Sunday, September 6, 2009

Tending the Garden of Our Souls with the Tools of the Church

The Reading is from Matthew 21:33-42
The Lord said this parable, "There was a householder who planted a vineyard, and set a hedge around it, and dug a wine press in it, and built a tower, and let it out to tenants, and went into another country. When the season of fruit drew near, he sent his servants to the tenants, to get his fruit; and the tenants took his servants and beat one, killed another, and stoned another. Again he sent other servants, more than the first; and they did the same to them. Afterward he sent his son to them, saying 'They will respect my son.' But when the tenants saw the son, they said to themselves, 'This is the heir; come, let us kill him and have his inheritance.' And they took him and cast him out of the vineyard and killed him. When therefore the owner of the vineyard comes, what will he do to those tenants?" They said to him, "He will put those wretches to a miserable death, and let out the vineyard to other tenants who will give him the fruits in their seasons." Jesus said to them, "Have you never read in the scriptures: 'The very stone which the builders rejected has become the head of the corner; this was the Lord's doing, and it was marvelous in our eyes?'"

I spent some time in the garden yesterday. I was planning on digging the whole thing up and calling it quits for the season, but when I started, I noticed new peppers were growing and the eggplant was still producing fruit. Since most of the garden was still producing fruit I decided to let it alone so I could harvest a bit more for the kitchen. Having a garden has been quite an experience this year. Not everything went like I planned. I watched the zucchini all summer. Every morning I saw flowers. I even watched bees going in and out of each flower. But the zucchini didn’t produce a single fruit so I pulled it out and threw it in the compost.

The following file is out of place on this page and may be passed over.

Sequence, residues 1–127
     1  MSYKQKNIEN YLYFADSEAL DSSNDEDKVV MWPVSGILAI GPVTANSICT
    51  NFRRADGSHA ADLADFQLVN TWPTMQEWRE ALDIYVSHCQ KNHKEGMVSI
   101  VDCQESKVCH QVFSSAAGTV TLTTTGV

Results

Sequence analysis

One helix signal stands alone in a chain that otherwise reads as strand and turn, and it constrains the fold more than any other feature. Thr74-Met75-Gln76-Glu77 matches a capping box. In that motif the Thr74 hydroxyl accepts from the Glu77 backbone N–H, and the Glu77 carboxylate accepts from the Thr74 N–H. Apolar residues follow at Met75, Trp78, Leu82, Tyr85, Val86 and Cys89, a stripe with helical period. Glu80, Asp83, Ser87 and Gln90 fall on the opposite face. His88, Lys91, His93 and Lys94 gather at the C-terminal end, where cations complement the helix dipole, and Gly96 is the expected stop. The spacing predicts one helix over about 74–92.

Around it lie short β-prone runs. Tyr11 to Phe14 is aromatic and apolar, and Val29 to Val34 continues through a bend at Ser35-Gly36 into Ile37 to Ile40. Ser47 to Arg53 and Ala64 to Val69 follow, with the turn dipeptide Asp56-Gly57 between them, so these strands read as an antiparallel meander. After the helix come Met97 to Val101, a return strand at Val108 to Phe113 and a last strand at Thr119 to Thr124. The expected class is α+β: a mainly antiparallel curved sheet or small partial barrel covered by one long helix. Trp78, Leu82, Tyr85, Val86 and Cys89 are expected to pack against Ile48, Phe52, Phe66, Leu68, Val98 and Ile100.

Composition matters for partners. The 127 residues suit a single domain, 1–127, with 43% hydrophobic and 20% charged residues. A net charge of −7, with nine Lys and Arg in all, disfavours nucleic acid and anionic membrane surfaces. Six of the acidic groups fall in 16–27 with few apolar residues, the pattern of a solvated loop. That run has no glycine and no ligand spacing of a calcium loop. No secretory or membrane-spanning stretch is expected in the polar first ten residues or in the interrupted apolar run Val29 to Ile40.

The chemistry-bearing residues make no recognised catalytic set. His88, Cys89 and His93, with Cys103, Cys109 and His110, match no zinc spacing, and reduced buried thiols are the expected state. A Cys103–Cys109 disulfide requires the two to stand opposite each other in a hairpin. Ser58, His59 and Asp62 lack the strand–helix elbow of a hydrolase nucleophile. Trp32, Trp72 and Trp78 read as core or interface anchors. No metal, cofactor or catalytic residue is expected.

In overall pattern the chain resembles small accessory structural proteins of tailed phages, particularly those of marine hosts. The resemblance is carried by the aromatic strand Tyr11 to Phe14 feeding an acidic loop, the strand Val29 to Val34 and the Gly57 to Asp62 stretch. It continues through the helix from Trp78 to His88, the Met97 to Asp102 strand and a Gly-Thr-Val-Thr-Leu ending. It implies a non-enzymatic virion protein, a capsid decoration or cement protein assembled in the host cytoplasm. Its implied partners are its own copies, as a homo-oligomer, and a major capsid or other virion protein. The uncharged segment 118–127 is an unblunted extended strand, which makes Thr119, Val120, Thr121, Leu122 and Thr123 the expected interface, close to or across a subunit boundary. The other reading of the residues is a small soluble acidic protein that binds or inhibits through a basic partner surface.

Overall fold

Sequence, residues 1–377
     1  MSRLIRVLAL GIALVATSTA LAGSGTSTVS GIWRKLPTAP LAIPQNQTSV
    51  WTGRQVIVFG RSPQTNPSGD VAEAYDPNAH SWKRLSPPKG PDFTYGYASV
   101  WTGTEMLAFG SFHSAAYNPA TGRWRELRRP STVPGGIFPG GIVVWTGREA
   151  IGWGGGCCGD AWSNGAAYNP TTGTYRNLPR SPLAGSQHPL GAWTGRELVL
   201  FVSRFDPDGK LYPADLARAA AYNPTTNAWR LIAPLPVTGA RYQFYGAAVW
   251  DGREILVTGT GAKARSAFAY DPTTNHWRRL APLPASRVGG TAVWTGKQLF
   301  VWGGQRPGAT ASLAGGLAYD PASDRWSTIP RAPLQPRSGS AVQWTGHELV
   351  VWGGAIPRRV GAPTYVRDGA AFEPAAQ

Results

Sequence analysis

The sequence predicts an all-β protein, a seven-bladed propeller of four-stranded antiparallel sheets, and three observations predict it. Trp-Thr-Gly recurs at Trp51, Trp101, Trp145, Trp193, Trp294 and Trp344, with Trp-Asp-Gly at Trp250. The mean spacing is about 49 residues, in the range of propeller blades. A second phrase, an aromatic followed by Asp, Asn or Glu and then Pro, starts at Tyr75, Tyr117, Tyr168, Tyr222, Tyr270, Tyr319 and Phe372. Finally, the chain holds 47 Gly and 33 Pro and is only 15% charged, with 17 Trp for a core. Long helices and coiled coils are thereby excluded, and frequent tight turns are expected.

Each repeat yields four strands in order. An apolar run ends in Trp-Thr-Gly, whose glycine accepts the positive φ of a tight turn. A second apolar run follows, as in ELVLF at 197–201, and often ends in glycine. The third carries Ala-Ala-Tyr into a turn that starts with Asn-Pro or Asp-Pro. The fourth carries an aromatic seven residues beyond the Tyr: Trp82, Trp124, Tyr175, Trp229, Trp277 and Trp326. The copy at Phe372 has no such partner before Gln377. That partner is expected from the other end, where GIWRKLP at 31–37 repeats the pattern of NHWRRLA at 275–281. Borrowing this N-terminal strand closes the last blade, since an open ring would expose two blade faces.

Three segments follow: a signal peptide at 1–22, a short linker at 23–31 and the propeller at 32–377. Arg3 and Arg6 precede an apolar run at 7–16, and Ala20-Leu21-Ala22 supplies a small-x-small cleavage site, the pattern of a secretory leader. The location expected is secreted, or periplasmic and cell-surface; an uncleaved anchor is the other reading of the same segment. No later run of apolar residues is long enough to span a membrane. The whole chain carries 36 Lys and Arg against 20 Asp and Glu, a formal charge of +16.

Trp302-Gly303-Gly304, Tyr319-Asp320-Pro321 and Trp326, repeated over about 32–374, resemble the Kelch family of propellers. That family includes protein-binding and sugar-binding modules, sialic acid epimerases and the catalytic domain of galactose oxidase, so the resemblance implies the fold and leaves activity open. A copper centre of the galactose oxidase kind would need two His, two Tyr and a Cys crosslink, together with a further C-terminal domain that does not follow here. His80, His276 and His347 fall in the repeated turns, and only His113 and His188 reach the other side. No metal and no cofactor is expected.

When plants don’t produce fruit in any garden they are removed to make room for other plants that are able to produce. No experienced gardener would waste good soil growing weeds! Of course each climate is different and sometimes we plant things that just won’t produce fruit. Surely we can’t blame a fig tree for not producing fruit in Colorado. But if a fig tree doesn’t produce fruit in South Carolina, something is wrong with that fig tree.

We don’t often talk about people bearing fruit. We’re not trees after all, but God uses this image today to challenge us as Christians. “He will destroy those wicked men miserably, and lease his vineyard to other vinedressers who will render to him the fruits in their season.” (Matthew 21.41) I don’t think God is talking about figs! So, what fruit are we supposed to produce? “The fruit of the Spirit is love, joy, peace, longsuffering, kindness, goodness, faithfulness, gentleness, self-control.” (Galatians 5.22-23)

My dear brothers and sisters, we are called by Christ to produce these fruits “in their seasons.” That means we must use the knowledge of God and each other to understand just what type of fruit we can produce. Just like a fig tree cannot produce fruit in northern climates, we can only produce fruit when the soil of our hearts is fertile with the richness of the Holy Spirit. Each of us has been created by God with certain talents that we are called to use to glorify God.

We glorify God every time we bear fruit just like a garden that produces record crops brings honor to the gardener. We are the garden and God is our gardener. God has planted seeds in each of us and we need to grow and produce that record crop for the Glory of God. Every gardener has tools in his tool shed that he uses to till the soil, prepare the seed beds, control the weeds, fertilize the ground and eventually harvest the fruit. God also has tools is His tool shed that He uses to nurture our growth and control the weeds that distract us from growing. God’s tool shed is the Church and his tools are the Holy sacraments of the Church.